A new study commissioned by World Coffee Research, a non-profit research and development program that studies coffee, reaffirms previous work suggesting that there will be a 50 percent reduction in global land area suitable for Arabica production by 2050, while providing a more detailed picture of how climate change will affect specific growing regions.
The study, released this afternoon in the peer-reviewed, open-access journal Plos One, shines new light on what the term “suitability” actually means in reference to future Arabica production, with the goal of helping the global coffee community at large understand how and where producers may be able to adapt to climate change.
“Overall, the Arabica market is extremely threatened,” says Christian Bunn, the study’s lead author, a researcher for the Colombia-based International Center for Tropical Agriculture (CIAT). “There is rising demand. In the future, we’d need more area to grow coffee on, but we’re going to have less.”
Coffee is currently grown in many different climate zones in the equatorial belt — from hot and dry, to cooler and wetter — but previous studies of coffee and climate change only distinguished between areas that are or will be “suitable” or “unsuitable” for coffee growing. This limited their practical usefulness for adapting coffee to climate change.
This study unlocks the black box of “suitability” and shows how the different climate zones are expected to fare over the next 35 years. This is the first time that researchers have mapped coffee’s current and future climate zones globally.
The maps suggest dramatic reductions in some of the world’s most high-volume growing regions around the equator, particularly those currently characterized by dry conditions. From WCR:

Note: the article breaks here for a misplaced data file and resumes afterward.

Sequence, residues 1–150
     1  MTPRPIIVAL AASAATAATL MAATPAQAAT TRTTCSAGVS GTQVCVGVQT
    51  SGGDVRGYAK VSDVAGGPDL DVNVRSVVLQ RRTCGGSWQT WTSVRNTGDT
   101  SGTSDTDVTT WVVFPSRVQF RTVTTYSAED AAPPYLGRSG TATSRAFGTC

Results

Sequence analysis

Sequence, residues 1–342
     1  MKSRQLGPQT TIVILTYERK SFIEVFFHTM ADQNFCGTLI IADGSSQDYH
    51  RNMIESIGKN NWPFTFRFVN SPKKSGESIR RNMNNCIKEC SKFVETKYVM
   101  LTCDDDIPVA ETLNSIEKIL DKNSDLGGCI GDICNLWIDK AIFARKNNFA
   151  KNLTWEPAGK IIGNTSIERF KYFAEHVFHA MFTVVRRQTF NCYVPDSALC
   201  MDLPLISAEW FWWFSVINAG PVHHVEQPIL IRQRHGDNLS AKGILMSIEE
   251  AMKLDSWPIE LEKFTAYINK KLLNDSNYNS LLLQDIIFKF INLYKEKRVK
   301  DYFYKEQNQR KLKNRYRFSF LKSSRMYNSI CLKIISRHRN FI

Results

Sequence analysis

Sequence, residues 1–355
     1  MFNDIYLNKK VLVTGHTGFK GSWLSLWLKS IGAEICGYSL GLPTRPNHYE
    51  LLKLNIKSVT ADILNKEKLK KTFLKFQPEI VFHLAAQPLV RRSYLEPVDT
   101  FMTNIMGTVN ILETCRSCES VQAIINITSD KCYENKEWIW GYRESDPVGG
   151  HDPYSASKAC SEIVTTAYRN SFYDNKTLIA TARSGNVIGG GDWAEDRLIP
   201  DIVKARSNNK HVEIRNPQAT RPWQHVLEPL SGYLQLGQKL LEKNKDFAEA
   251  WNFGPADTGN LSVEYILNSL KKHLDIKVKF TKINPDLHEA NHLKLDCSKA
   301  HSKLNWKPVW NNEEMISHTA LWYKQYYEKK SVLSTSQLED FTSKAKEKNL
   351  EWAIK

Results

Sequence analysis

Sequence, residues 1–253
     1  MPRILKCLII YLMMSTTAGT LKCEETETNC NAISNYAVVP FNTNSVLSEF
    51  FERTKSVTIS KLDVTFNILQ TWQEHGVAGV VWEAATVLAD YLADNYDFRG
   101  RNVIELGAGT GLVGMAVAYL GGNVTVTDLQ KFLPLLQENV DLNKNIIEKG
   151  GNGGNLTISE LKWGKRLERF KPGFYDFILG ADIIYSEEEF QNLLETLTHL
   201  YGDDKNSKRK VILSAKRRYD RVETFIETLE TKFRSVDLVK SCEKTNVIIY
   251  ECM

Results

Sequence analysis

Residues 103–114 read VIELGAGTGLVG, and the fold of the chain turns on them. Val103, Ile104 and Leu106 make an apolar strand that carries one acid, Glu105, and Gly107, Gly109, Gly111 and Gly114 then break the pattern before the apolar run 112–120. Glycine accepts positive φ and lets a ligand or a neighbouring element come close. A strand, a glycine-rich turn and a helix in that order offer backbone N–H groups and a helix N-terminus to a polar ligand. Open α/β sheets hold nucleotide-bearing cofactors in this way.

The highest losses will be in hot, dry regions such as northern Minas Gerais state in Brazil, parts of India, and Nicaragua — areas that currently give some of the highest yields of Arabica coffee. Nearly 80% of the land in this climate zone will become unsuitable for coffee by 2050. Cool but dry climates, such as those in western São Paulo state in Brazil, will also see substantial losses.
Such dramatic reduction of land suitability in Brazil — by far the world’s largest coffee producing country — would naturally have global economic consequences, while affecting the livelihoods of untold numbers of producers. Yet the study also points to current growing areas where Arabica production is least likely to be affected by climate change, while also mapping areas that may develop into suitable coffee growing lands within the next 35 years, including parts of East Africa, Colombia, Ecuador and “possibly” Indonesia.
“Areas around the equator with seasonally constant temperatures, including many parts of Colombia, Ethiopia, Kenya and Indonesia will be least affected by climate change,” WCR said. “Approximately 60 percent of areas with this climate will be unchanged in 2050 — good news for the specialty coffee industry, which relies on these regions for its highest quality coffees.”
The research ties in with WCR’s ongoing International Multi-location Variety Trial, a comparative study of how 35 coffee varieties perform across the world in different climate zones. There are currently 19 countries involved with the trial. While land suitability is a critical aspect in production viability, equally important is adaptation of Arabica varieties themselves, WCR suggested.
“We can use the genetics of coffee to buy more time,” says Tim Schilling, co-author of the report and executive director of WCR. “The information in this report will be invaluable as we work to create new, climate-resilient varieties tailored to individual climatic zones.”